Trends in State GDP: 2011

Forty-three states and the District of Columbia saw an increase in real gross domestic product in 2011, a modest slowdown compared to 2010. Each region performed differently, with several states posting more than a 4 percent gain and one state posting a 7.6 percent gain. Most states fell between a 0.03 percent and a 3.3 percent growth rate from 2010 to 2011.

 Download the briefs and table in PDF:  Midwest, East, South, West
 

National Analysis:

  • Real gross domestic product grew in 43 states and the District of Columbia in 2011 with a national average increase of 1.47 percent, according to a June 2012 report by the Bureau of Economic Analysis. That’s compared to a 3.1 percent average annual increase in 2010.
  • Seven states—Alabama, Hawaii, Maine, Mississippi, Montana, New Jersey and Wyoming—experienced a drop in year-over-year GDP, each decreasing by less than 0.78 percent.
  • Oregon, North Dakota and West Virginia each experienced big gains in GDP, all growing by 4.5 percent or more, with North Dakota posting a 7.6 percent increase over 2010.
  • Durable goods manufacturing, professional, scientific and technical services, and information services were the leading contributors to real U.S. economic growth in 2011.

Regional Analysis:

 

  • With average year-over-year real GDP growth of 1.4 percent, CSG’s Midwestern region was close to the national average of 1.5 percent in 2011.
  • Michigan (2.3 percent) and North Dakota (7.6 percent) posted the biggest increases, while South Dakota (0.8 percent), Kansas (0.5 percent) and Nebraska (0.1 percent) had the most modest gains in the region.
  • Mining, professional, scientific and technical services, and durable-goods manufacturing were the major positive contributors to change in real GDP, adding a total of 1.1 points to the region’s GDP growth from 2010 to 2011.
  • Agriculture, forestry, fishing and hunting, utilities and government were the biggest contributors to losses in real GDP, shaving 0.65 points off the region’s GDP growth from 2010 to 2011. 

  • With average year-over-year GDP growth at 1 percent, the Eastern region experienced the smallest gains in CSG’s regions, falling below the national average of 1.5 percent.
  • Massachusetts (2.2 percent) and Connecticut (2 percent) posted the biggest increases in the region, while New Jersey (-0.5 percent) and Maine (-0.4 percent) made the least progress in the region as GDP dropped from 2010 to 2011.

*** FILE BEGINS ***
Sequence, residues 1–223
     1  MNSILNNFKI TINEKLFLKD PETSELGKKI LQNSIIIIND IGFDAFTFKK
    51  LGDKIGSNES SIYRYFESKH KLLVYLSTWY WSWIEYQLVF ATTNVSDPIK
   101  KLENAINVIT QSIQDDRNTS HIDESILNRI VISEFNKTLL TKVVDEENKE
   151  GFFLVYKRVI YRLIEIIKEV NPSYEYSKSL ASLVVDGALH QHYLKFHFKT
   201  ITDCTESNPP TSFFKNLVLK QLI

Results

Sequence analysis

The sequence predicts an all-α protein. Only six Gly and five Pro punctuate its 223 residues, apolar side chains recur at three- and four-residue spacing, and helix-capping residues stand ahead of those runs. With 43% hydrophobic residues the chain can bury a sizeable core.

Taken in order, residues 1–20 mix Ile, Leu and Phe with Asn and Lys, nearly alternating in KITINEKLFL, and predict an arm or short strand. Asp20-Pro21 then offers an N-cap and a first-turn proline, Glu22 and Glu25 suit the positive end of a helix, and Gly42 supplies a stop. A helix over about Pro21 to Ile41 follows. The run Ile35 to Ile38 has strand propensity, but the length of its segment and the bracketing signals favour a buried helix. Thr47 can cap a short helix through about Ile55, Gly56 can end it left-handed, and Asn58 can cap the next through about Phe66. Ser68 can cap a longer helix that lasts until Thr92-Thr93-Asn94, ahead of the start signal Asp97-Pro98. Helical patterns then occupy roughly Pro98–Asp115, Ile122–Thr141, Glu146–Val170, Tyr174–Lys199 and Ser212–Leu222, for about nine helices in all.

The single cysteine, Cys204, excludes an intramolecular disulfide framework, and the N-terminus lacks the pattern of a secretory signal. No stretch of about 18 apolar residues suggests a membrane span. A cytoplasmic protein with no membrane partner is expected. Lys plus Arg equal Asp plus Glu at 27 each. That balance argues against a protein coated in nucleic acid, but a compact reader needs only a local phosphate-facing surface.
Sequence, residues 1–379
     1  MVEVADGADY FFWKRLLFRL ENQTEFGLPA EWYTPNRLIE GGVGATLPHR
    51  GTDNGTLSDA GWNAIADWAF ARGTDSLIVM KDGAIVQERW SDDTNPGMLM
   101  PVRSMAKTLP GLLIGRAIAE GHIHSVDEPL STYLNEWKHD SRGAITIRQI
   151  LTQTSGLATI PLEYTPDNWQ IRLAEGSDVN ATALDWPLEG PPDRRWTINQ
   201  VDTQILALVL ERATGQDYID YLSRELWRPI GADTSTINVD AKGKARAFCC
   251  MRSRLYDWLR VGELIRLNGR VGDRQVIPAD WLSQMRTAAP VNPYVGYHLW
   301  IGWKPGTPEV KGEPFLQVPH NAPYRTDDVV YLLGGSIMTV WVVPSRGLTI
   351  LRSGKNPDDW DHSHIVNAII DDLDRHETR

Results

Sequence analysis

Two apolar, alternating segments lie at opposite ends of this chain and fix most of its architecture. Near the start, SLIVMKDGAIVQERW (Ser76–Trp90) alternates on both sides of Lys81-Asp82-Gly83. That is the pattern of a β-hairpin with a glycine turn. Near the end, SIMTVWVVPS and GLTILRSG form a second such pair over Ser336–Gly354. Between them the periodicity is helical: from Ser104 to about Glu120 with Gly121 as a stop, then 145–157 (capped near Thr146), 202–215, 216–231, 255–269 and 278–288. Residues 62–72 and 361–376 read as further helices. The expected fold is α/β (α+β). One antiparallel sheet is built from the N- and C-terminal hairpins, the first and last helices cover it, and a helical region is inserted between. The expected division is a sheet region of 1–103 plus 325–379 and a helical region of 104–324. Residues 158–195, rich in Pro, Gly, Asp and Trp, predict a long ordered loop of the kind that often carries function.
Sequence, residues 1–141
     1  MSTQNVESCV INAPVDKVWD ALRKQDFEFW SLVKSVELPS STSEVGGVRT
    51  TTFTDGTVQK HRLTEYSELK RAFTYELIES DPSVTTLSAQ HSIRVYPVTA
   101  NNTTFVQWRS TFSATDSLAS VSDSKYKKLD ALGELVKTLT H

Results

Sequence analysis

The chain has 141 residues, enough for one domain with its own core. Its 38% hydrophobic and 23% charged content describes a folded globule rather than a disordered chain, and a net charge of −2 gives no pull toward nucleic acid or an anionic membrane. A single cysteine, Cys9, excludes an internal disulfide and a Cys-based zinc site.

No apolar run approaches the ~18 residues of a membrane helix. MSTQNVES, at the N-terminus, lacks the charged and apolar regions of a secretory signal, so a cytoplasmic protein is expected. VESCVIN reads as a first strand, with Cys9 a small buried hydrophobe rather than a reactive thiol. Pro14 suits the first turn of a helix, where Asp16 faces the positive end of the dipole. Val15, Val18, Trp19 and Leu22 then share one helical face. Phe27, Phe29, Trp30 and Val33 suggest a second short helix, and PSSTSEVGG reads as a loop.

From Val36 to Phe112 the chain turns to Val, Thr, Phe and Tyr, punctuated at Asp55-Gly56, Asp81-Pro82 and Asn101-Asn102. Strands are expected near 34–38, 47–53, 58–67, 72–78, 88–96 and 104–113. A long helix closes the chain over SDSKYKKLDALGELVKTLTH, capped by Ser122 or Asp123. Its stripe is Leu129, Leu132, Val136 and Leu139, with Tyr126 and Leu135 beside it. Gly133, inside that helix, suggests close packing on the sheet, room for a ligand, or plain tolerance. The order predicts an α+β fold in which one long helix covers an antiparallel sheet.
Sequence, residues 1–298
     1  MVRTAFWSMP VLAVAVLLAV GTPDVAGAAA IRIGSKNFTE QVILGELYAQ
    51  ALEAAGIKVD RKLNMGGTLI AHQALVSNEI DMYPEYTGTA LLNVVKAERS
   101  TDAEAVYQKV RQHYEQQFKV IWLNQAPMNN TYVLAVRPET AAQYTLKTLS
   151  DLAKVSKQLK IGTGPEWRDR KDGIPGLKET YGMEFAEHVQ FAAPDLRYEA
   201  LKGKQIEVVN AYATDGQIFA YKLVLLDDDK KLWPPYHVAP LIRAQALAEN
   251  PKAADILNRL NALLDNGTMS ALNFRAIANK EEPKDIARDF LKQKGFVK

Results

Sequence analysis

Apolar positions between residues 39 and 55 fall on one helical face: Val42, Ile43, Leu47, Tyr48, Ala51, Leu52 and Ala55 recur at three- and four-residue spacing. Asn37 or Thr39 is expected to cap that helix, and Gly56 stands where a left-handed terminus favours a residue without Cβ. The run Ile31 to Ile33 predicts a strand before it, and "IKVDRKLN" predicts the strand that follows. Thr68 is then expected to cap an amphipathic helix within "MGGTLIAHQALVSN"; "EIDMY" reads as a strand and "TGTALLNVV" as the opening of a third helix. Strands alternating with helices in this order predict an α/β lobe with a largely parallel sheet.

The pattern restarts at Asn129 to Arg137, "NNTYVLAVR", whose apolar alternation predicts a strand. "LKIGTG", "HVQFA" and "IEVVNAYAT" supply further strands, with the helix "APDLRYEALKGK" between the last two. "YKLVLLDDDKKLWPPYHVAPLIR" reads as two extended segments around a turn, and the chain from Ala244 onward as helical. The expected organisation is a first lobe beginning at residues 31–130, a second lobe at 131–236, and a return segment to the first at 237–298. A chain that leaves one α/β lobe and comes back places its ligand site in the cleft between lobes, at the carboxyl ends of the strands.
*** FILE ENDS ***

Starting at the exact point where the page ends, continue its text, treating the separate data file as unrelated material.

• Finance and insurance, durable-goods manufacturing, professional, scientific and technical services were the major positive contributors to change in real GDP, adding 0.91 points to the region’s GDP growth from 2010 to 2011.
  • Real estate, rental and leasing, utilities, agriculture, forestry, fishing and hunting were the biggest contributors to losses in real GDP, shaving 0.59 points off the region’s GDP growth from 2010 to 2011. 

  • With average year-over-year GDP growth at 1.5 percent, the Southern region was CSG’s second highest-performing region, equal to the national average.
  • West Virginia (4.5 percent) and Texas (3.3 percent) posted the biggest increases, while Mississippi (-0.8 percent) and Alabama (-0.8 percent) made the least progress in the region as GDP dropped from 2010 to 2011.
  • Professional, scientific and technical services, mining and durable-goods manufacturing were the major positive contributors to change in real GDP, adding 0.9 points to the region’s GDP growth from 2010 to 2011.
  • Real estate, rental and leasing, agriculture, forestry, fishing and hunting, and utilities were the biggest contributors to losses in real GDP, shaving 0.64 points off the region’s GDP growth from 2010 to 2011. 

  • With average year-over-year GDP growth at 1.9 percent, CSG’s Western region showed the most improvement of any region in 2011 and was above the national average of 1.5 percent.
  • Oregon (4.7 percent) and Alaska (2.5 percent) posted the biggest increases, while Wyoming (-1.2 percent) and Hawaii (-0.2 percent) made the least progress in the region as GDP dropped from 2010 to 2011.
  • Health care and social assistance, professional, scientific and technical services, and durable-goods manufacturing were the major positive contributors to change in real GDP, adding 1.1 points to the region’s GDP growth from 2010 to 2011.
  • Real estate, rental and leasing, agriculture, forestry, fishing and hunting, and construction were the biggest contributors to losses in real GDP, shaving 0.57 points off the region’s GDP growth from 2010 to 2011. 

Trends in State GDP: 2011

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gdp_east_2011.pdf367.75 KB
gdp_midwest_2011.pdf361.87 KB
gdp_south_2011.pdf376.48 KB
gdp_west_2011.pdf374 KB